Australia Today

Indigenous Groups Rally To Abolish the Monarchy On Australia’s 'Day of Mourning'

“January 26th is our day of mourning, and still we have society telling us to get over it. Well, how about you get over the monarchy and her death?"
Indigenous protestors
Indigenous protestors and allies on "The Day of Mourning" (Julie Fenwick)

WARNING: Aboriginal and Torres Strait Islander readers are advised that the following article contains names, images and descriptions of people who have died. 

The 22nd of September was a public holiday around Australia, introduced by the prime minister as a day of mourning for Queen Elizabeth II’s death. While many were saddened by the news and rejoiced at having a day off, Indigenous groups and their supporters rallied across the major cities with calls to “abolish the monarchy”. 


In Sydney, hundreds gathered at the city’s Town Hall, with signs depicting the dark past of Australian colonialism and land grab. “Blood on their diamonds, blood on their hands”, one read. “Couldn’t care less ‘bout the monarch, Imma set fire to the kingdom”, read another – lyrics to indigenous rapper Barkaa’s track “Black Matriarchy”. 

The throng of speeches, delivered by both Indigenous activists and other First Nations people from around the world – Palestine included – came passionately. In one instance, the crowd began chanting “Lizzie in a box,” a chime popularized by a viral TikTok of Irish football fans.

“January 26th is our day of mourning, and still we have society telling us to get over it. Well, how about you get over the monarchy and her death. I don’t feel sorry for no rapists, I don’t feel sorry for no thief, I don’t feel sorry for the people that came and invaded these lands,” boomed Kyah Patten in her speech – the niece of Kamilaroi man Eddie Murray, who died in custody almost 40 years ago .

“What have they done to help you as a people? All they do is take, take, take.”

“Fuck the crown, fuck the government, fuck the churches – and if you don’t like it, fuck you too,” Indigenous rights activist and Dunghutti, Gumbaynggirr, Bundjalung woman, Lizzie Jarret, added.

As the crowd marched from Town Hall to the Queen Victoria statue outside of Sydney’s Law Courts, the crowd could be heard chanting, “Sovereignty, never ceded,” and “Always was, always will be, Aboriginal land.”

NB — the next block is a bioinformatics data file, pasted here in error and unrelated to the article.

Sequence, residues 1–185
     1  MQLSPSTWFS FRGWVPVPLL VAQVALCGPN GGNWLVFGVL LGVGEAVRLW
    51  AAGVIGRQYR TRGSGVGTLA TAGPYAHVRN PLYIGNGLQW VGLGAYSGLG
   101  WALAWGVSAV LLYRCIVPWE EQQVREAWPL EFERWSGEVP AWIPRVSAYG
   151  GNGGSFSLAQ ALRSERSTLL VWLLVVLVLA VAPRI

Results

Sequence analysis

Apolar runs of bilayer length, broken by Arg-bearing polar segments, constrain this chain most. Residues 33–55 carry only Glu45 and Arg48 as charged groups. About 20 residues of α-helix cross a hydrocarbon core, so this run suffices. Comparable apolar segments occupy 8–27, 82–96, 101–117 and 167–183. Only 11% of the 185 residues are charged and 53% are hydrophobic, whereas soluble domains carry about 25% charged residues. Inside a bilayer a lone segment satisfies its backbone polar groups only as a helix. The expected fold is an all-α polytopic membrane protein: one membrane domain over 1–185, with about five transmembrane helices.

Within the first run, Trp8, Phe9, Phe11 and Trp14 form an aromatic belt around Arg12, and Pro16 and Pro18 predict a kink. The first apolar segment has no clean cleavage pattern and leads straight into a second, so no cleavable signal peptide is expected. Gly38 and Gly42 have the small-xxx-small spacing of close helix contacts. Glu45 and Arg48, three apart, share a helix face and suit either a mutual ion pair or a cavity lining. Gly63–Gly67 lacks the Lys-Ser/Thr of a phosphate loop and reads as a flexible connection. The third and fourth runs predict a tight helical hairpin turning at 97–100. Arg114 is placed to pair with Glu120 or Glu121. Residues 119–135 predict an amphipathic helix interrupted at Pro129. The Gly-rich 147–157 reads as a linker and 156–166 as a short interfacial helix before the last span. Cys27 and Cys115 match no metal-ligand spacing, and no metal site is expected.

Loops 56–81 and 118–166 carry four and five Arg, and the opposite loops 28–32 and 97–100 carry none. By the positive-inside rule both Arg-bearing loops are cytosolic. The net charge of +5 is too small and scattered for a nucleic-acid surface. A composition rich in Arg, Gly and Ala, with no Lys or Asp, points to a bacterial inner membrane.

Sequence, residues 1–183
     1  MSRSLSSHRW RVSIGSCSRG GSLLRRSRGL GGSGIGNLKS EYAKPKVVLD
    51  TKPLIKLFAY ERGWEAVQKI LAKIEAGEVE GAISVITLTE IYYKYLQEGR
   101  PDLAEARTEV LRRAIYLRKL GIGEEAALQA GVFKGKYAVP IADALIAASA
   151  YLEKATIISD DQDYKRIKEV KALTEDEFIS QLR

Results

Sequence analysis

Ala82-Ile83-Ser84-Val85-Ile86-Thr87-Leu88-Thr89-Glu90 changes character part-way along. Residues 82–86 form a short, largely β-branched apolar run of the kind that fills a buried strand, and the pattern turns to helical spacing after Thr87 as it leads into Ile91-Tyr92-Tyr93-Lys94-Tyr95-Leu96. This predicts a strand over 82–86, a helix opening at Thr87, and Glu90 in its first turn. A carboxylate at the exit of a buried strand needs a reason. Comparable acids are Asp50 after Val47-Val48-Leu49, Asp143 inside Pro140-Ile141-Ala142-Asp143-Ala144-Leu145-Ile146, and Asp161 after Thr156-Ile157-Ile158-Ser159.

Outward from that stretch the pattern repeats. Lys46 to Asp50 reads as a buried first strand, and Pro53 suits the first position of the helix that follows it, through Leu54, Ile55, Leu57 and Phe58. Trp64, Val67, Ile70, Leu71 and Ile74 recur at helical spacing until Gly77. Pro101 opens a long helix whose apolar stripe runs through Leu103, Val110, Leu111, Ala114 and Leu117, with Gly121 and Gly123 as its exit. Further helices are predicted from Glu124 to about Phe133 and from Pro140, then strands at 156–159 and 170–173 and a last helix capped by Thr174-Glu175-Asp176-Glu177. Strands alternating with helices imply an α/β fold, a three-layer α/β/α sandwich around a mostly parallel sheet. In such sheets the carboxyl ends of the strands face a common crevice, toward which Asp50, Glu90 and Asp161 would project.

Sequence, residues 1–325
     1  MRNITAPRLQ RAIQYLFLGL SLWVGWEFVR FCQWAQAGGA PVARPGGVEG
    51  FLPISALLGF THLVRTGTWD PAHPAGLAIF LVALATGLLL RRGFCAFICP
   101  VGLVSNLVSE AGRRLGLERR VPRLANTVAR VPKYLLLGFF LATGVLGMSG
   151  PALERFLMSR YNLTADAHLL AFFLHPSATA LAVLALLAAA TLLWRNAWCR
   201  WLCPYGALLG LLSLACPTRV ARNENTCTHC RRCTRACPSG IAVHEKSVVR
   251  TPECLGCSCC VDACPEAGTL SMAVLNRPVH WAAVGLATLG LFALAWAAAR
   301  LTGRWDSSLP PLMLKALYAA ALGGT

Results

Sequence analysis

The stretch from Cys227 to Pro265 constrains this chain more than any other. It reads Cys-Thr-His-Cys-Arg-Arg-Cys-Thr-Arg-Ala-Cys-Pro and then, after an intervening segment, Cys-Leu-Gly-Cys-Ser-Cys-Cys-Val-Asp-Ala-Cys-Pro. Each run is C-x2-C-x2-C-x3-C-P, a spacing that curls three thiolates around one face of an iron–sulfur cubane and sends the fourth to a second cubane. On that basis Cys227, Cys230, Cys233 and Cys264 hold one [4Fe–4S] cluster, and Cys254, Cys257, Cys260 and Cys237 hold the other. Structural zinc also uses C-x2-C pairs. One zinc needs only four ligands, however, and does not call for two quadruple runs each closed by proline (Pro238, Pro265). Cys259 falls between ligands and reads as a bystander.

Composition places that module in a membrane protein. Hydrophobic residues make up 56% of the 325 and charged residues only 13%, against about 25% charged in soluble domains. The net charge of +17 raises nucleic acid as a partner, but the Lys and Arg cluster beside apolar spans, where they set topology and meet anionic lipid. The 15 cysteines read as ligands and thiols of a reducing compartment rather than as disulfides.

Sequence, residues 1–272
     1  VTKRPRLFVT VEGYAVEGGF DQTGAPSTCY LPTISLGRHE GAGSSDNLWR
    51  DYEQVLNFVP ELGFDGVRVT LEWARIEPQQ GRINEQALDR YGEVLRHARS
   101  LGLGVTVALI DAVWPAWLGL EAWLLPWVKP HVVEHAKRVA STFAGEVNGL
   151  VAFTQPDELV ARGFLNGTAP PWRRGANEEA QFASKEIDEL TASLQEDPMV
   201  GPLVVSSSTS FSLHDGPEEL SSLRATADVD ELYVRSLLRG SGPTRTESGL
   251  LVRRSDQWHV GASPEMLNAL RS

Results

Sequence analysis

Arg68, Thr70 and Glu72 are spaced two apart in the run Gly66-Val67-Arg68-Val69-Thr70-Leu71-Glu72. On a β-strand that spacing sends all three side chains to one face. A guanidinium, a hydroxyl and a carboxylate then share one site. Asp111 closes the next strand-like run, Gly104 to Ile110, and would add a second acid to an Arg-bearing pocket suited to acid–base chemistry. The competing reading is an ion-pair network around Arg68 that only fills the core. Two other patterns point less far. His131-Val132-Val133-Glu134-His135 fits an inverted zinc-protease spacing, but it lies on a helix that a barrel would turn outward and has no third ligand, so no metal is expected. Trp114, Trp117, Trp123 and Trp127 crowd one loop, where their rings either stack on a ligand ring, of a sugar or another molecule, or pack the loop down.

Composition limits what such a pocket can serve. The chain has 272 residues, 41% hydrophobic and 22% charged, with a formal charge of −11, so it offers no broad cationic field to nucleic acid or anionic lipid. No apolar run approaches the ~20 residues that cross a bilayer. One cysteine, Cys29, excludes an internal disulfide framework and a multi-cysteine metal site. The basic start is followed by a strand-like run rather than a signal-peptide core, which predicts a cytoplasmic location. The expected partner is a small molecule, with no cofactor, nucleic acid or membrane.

Protestors with balloons and crown piñata (Julie Fenwick)

When they arrived, protestors created a circle, inviting the matriarchy or women from the crowd to dance inside, before pulling out red balloons pasted with the Queen’s face and a Crown-shaped pinata soaked in an imitation of blood. The balloons were soon popped and the pinata obliterated with sticks and stomps.

A performance by Indigenous hip-hop artist, Dobby, listing out the names of Indigenous people who have died in custody, followed. Among them were Tanya Day and Kamanjayi Walker. 

“What I hope people take away from here is the voice of truth and understanding what Australia represents to the first nations people,” Jarrett told VICE.

“And how this crown and this Queen and this government are calling for us to be silent. We will never be silent when we are the sovereigns of this land.”

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Protestors in front of the Queen Victoria statue outside of the Sydney Law Courts (Julie Fenwick)

Regarding the future and the potential for a referendum to bring an Indigenous voice to parliament, Lizzie says the opportunities are almost too far gone.

“We’ve already seen a referendum way back when. It did nothing for our people. This government's false promises, voices to Parliament, all this. If you’re here today you need to hear that the idea is truth talking. They need to come on the ground, they need to be with us. Not make laws for us, without us. We need self determination. We have rights to be sovereign in our own land.”

Follow Julie Fenwick on Twitter and Instagram.

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